***Update 4:30 pm 4/8/08- here’s another interesting blog by a Punitive damage blog group:

Update- here is a punitive damage website blog that says this ruling means that at the new trial ordered that even if the carrier loses, the insured cannot be awarded punitive damages: (when you click on the link, scroll way down to get to the blog entry)

This blog says in part:

“More relevant to our purposes, the court held that, regardless of the outcome of the retrial, State Farm could not be liable for punitive damages”

Here is another article located quoting the Broussard’s attorney as to why part of the court’s ruling is favorable to policyholder’s for just another view on this decision from the insured’s lawyer’s standpoint which says in part :

“William Walker, a lawyer for the Broussards, said he was disappointed but not surprised by the court’s ruling.

“If we retry the case, we fully anticipate that we will be able to get a jury verdict in our favor for the entire policy limits,” he said.

Walker also hailed a portion of Monday’s ruling as a victory for policyholders: The 5th Circuit rejected State Farm’s claim that the Broussards had the burden of segregating covered damages, such as wind, from non-covered damages, like flood water.

“It will help every other person who has to sue an insurance company in Mississippi,” Walker said of that finding.”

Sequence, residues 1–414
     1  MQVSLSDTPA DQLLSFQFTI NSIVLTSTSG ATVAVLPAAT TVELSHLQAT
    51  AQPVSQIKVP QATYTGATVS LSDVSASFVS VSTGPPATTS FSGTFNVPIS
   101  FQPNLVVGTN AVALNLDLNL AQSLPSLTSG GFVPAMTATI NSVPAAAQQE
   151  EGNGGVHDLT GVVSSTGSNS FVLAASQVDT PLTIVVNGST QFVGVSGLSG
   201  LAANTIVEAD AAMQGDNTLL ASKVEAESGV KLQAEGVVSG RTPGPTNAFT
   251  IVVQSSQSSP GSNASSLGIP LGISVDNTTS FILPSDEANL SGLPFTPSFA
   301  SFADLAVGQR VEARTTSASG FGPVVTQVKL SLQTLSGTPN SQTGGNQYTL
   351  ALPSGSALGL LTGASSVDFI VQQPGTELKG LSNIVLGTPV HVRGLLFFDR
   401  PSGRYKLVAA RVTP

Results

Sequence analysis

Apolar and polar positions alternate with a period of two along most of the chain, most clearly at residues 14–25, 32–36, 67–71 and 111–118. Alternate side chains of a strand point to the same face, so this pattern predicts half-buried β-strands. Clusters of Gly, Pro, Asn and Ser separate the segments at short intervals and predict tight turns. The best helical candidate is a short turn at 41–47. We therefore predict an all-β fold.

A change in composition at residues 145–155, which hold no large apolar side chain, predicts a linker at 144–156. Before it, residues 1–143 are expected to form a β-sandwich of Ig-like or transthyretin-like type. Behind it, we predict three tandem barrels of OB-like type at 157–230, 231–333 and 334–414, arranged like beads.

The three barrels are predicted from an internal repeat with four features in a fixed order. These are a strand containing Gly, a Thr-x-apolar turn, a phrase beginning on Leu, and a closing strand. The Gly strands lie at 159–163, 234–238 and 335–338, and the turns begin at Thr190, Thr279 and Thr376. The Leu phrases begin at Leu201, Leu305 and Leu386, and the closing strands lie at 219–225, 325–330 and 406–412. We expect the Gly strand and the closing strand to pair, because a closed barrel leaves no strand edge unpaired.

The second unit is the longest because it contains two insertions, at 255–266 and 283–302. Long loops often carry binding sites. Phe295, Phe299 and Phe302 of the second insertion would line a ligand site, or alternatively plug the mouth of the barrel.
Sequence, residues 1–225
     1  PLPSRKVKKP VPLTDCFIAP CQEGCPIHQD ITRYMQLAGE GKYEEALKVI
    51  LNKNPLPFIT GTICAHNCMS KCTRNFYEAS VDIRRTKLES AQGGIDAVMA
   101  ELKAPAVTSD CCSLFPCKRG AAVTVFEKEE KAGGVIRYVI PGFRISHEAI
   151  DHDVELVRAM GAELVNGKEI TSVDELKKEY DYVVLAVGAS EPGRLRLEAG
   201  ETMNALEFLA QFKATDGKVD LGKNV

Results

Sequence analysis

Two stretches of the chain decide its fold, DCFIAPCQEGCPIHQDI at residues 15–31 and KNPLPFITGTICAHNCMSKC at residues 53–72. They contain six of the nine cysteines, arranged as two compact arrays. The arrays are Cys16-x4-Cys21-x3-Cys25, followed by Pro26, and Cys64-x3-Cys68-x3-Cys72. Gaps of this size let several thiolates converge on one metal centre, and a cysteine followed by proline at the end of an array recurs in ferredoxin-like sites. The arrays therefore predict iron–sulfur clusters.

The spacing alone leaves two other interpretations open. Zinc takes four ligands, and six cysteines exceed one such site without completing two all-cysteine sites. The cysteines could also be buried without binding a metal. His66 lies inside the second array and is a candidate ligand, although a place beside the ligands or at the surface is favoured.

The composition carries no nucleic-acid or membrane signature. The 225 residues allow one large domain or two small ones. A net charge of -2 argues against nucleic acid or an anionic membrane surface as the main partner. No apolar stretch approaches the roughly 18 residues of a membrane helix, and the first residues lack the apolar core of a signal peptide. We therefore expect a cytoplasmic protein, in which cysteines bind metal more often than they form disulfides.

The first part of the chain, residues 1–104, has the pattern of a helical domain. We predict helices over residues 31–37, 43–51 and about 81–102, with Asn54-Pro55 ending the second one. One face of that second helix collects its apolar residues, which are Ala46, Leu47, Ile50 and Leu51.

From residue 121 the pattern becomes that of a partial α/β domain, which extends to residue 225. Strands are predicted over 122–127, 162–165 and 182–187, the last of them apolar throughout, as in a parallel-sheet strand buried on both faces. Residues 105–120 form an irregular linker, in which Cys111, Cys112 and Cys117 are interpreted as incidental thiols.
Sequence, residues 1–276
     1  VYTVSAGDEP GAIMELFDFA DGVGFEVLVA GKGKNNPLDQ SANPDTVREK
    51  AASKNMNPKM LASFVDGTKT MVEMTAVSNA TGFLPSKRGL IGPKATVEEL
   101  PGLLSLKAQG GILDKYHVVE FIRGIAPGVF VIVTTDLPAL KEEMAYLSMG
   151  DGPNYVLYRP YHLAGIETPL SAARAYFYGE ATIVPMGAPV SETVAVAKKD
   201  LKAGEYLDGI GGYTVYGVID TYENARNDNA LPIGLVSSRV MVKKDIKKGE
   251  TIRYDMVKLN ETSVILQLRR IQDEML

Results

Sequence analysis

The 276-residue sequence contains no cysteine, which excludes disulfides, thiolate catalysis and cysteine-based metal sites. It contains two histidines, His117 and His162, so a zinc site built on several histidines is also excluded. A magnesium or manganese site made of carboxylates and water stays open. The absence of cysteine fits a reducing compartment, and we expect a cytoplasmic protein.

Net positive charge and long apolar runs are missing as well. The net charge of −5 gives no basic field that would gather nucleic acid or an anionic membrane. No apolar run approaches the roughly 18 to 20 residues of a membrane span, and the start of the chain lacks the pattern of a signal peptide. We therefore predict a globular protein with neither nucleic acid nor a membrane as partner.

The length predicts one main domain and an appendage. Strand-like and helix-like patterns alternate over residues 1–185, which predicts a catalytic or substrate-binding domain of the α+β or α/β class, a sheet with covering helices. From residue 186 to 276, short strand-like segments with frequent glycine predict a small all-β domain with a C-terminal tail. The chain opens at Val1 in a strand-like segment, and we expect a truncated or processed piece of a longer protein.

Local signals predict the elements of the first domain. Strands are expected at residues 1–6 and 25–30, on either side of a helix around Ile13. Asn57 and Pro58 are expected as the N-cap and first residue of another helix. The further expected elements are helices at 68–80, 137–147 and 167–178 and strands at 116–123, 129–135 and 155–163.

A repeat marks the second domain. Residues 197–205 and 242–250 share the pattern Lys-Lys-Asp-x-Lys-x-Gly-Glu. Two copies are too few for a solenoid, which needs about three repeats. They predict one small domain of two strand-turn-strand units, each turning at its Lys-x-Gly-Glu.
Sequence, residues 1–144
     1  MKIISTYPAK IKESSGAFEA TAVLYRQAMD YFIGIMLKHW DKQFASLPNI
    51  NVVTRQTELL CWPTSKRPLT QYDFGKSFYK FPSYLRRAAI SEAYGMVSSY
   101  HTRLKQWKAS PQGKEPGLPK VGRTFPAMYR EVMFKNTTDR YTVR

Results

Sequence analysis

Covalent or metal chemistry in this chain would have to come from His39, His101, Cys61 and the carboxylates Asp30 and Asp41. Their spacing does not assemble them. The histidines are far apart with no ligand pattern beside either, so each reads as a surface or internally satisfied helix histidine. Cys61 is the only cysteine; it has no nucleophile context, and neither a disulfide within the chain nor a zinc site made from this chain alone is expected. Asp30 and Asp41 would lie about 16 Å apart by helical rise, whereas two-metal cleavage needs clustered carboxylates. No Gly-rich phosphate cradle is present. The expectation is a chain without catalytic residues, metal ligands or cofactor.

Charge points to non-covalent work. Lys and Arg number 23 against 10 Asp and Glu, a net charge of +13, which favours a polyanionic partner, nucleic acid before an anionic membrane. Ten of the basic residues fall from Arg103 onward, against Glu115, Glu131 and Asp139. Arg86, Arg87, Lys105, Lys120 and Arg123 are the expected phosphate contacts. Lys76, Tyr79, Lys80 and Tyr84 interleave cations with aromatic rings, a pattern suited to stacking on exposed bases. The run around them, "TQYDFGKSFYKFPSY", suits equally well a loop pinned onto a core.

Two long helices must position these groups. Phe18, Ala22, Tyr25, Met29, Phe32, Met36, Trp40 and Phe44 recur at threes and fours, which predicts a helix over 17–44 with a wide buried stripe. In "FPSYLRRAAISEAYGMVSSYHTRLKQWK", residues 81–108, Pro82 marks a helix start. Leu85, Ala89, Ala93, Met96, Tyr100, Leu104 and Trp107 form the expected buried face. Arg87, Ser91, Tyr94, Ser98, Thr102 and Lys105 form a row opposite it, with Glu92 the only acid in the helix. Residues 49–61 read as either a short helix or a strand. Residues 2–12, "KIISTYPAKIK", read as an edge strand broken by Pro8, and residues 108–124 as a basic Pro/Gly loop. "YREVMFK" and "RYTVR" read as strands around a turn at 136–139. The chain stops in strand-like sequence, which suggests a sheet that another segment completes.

Here’s a link to that full AP article:

Allstate releases McKinsey Documents!

April 7, 2008

We are pleased to notify you that Allstate has released the controversial McKinsey documents. We wrote about these documents previously in our prior blog since they had been in the news so much lately. See links below to find all of our prior blog information on the documents. This is GREAT news for the insurance industry and claims folks in light of the Allstate press release comments which says in part the following:

Allstate believes public criticisms by people with a vested interest in creating an inaccurate picture of the company’s claim practices have been based unfairly on only snippets from the documents taken out of context.
We continue to believe that the documents deserve protection as containing trade secret and confidential proprietary information and that our actions to protect them from general disclosure have been appropriate. However, because of the need to address misunderstandings resulting from the growing misplaced focus by our critics on very small pieces of the whole, we have decided to make the documents public.